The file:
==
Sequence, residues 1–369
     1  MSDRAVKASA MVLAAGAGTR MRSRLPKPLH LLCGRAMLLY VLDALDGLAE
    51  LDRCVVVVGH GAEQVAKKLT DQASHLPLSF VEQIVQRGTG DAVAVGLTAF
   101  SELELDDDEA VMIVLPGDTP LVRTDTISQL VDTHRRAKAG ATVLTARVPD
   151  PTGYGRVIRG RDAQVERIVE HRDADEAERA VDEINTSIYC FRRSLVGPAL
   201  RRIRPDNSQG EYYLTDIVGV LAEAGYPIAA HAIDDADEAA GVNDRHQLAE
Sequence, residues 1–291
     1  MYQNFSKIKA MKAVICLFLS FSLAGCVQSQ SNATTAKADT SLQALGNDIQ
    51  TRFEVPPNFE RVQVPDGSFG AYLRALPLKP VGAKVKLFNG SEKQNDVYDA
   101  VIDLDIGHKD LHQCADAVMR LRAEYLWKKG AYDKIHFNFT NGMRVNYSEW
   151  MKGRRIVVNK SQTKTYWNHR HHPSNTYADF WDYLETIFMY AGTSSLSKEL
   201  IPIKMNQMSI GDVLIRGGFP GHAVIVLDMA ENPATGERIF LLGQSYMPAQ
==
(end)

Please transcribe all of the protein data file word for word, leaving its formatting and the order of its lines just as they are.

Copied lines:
Sequence, residues 1–369
     1  MSDRAVKASA MVLAAGAGTR MRSRLPKPLH LLCGRAMLLY VLDALDGLAE
    51  LDRCVVVVGH GAEQVAKKLT DQASHLPLSF VEQIVQRGTG DAVAVGLTAF
   101  SELELDDDEA VMIVLPGDTP LVRTDTISQL VDTHRRAKAG ATVLTARVPD
   151  PTGYGRVIRG RDAQVERIVE HRDADEAERA VDEINTSIYC FRRSLVGPAL
   201  RRIRPDNSQG EYYLTDIVGV LAEAGYPIAA HAIDDADEAA GVNDRHQLAE
Sequence, residues 1–291
     1  MYQNFSKIKA MKAVICLFLS FSLAGCVQSQ SNATTAKADT SLQALGNDIQ
    51  TRFEVPPNFE RVQVPDGSFG AYLRALPLKP VGAKVKLFNG SEKQNDVYDA
   101  VIDLDIGHKD LHQCADAVMR LRAEYLWKKG AYDKIHFNFT NGMRVNYSEW
   151  MKGRRIVVNK SQTKTYWNHR HHPSNTYADF WDYLETIFMY AGTSSLSKEL
   201  IPIKMNQMSI GDVLIRGGFP GHAVIVLDMA ENPATGERIF LLGQSYMPAQ